The court finds that defendants' interest is compelling but overbroad. Foremost, defendants have not demonstrated that civil tort remedies are ineffective to prevent the obstructive filing described by Contino,*fn16 see Sullivan, 376 U.S. at 273; see also supra Part II.A.2, nor have they ruled out the possibility of imposing civil or criminal penalties tailored to punish abuse of process or obstruction of justice.*fn17 Application of existing criminal and civil sanctions would seemingly allow defendants to restrict speech that is intentionally meddlesome without limiting legitimate political criticism. In short, defendants fail to address the applicability of methods potentially less intrusive to the exercise of First Amendment rights. Given the testimony presented thus far, it is reasonably likely that § 1108(k)'s blanket prohibition on disclosure is inadequately tailored to justify defendants' interest in preventing interference with ongoing governmental investigations.
4. Influencing Governmental Decision Making
Defendants claim that "the confidentiality provision prevent[s] individuals from filing complaints with the Commission in an attempt to unduly influence the decision of another governmental body." (Doc. 18 at 4-5.) Specifically, defendants contend that § 1108(k) forecloses publication of filing for the sole purpose of exerting political pressure upon a government decision maker. Contino provided the following example:
I've had a local sewer authority that had determined that it was going to require individuals in a certain neighborhood to ["]tap in["] to the sewer system, started to award contracts to get that process underway. One of the individuals who lived in the neighborhood did not want to be required to ["]tap in["] because it was going to be an expensive process and they filed complaints with the commission, and as the sewer process was going on they publicly disclose that... these board members are under investigation by the ethics commission.
It was pretty clear that the sole motivation behind that [filing] was... the ["]tap in["] decision that the board had made, and it was an attempt to maybe get another look at that or to bring that to [the] media's attention. (Doc. 16 at 60-61.)
At this juncture, the court is not convinced that defendants' interest is compelling. In the example cited by Contino, the complainant's motives were obstructionist, and the allegations frivolous. Publication of a false or frivolous complaint is arguably not protected by the First Amendment. See Masson v. New Yorker Magazine, 501 U.S. 496, 510-11 (1991) (explaining that a speaker receives no First Amendment protection when he speaks with knowledge that his speech was false, or with reckless disregard to its truth or falsity); Kamasinski v. Judicial Review Council, 44 F.3d 106, 111 (2d Cir. 1994) (holding that a state has strong interests in prohibiting frivolous complaints filed to harass the judiciary, and therefore may prohibit disclosure that a complaint was filed levying ethical improprieties by state judges). However, defendants have failed to demonstrate that § 1108(k)'s blanket disclosure prohibition is the least restrictive means available to prevent the announcement of baseless filings. See supra Part II.A.2-3 (discussing availability of civil tort and criminal obstruction of justice penalties).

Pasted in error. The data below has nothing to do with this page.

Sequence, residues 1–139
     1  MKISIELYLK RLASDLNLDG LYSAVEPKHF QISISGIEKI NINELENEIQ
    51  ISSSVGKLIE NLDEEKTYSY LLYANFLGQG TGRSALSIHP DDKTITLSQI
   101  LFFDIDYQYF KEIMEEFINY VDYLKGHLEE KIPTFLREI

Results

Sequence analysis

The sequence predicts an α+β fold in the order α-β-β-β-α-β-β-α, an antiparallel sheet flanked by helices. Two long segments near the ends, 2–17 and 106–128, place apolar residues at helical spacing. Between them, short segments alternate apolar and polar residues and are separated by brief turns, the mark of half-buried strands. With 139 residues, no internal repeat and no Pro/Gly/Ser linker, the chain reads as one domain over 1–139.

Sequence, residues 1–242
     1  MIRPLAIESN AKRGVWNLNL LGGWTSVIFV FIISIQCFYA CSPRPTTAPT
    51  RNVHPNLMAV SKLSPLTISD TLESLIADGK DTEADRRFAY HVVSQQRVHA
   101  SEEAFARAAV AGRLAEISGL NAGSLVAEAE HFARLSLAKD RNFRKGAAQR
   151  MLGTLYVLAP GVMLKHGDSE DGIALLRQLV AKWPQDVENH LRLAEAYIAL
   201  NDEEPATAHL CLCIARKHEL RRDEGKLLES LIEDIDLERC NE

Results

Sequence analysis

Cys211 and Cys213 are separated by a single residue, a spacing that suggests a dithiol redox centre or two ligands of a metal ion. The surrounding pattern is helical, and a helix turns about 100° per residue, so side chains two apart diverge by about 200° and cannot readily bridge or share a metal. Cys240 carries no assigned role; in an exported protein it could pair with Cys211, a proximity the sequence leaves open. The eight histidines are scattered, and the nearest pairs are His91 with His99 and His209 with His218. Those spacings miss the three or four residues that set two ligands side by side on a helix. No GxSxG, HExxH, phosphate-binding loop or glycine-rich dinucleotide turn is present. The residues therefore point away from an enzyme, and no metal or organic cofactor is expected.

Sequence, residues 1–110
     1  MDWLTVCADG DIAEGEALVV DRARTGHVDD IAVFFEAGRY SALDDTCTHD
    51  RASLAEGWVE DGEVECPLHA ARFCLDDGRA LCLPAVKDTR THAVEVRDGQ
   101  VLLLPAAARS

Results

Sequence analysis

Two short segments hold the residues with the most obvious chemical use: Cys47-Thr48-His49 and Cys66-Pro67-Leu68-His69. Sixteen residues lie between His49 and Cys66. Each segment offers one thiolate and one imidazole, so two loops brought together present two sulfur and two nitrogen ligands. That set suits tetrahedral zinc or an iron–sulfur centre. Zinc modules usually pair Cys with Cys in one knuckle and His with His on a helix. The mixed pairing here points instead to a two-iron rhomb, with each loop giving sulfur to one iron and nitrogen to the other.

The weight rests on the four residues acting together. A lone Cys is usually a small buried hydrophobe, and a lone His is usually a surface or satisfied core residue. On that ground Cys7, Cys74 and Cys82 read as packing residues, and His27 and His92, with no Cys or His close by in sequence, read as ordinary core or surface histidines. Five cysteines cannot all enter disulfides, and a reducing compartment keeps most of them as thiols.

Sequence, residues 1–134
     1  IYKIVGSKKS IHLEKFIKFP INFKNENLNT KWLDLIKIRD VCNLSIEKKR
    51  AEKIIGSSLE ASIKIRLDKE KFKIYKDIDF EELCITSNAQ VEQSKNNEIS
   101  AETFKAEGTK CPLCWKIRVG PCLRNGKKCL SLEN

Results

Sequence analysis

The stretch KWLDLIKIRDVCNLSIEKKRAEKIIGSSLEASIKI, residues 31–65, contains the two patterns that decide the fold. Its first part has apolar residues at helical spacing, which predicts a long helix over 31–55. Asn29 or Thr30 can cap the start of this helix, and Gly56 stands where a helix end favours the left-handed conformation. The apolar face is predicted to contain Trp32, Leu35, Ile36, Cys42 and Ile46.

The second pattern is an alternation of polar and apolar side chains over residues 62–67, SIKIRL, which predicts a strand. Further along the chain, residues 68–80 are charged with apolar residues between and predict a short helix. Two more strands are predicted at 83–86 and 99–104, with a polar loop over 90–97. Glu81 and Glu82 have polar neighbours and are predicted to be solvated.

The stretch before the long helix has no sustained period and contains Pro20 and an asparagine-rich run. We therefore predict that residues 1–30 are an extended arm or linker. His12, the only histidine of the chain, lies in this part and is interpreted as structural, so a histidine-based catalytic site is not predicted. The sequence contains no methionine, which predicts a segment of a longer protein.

In those instances in which an individual files a complaint charging potentially unethical behavior, publication of the filing may be a reasonable method of exerting political pressure upon the public official in question, as well as those with whom he or she is closely allied. See supra note 15; see also Sullivan, 376 U.S. at 281 (discussing the First Amendment's heightened protection with respect to a public official's "character"). Open discussion and scrutiny of public corruption has traditionally received expansive protection under the First Amendment. See, e.g., Gentile v. State Bar of Nevada, 501 U.S. 1030, 1035 (1991) (extolling the importance of "extensive public scrutiny" and criticism regarding allegations of government corruption, and the heightened protection that accompanies "dissemination of information relating to alleged governmental misconduct"); Butterworth, 494 U.S. at 632 (stating that state officials typically cannot punish publication of truthful information regarding matters of public significance); Providence Journal Co. v. Newton, 723 F. Supp. 846, 852 (D.R.I. 1989) (invalidating confidentiality provision similar to § 1108(k) and holding that "speech by a citizen charging government officials with breach of a legislatively sanctioned code of official conduct is political speech accorded the greatest protection available under the First Amendment"). In order for § 1108(k)'s disclosure prohibition to survive as written, defendants must show that their interest is compelling not only when the complaint is frivolous, but also when the allegations are meritorious. They have not made such a showing on the present record.
5. Reputational Damage
Defendants claim that § 1108(k)'s disclosure prohibition serves to "prevent  damage to the reputation of government officials where the allegations [a]re unfounded." (Doc. 18 at 4.) However, defendants concede that this interest is not compelling under New York Times v. Sullivan and its progeny. (See id. at 4 n.6.) The court agrees. "[A]bsent exceptional circumstances, reputational interests alone cannot justify the proscription of truthful speech." Butterworth, 494 U.S. at 634. Section 1108(k) makes no distinction between the truthful and the untruthful, the frivolous and the meritorious. Hence, it fails to vindicate this governmental interest.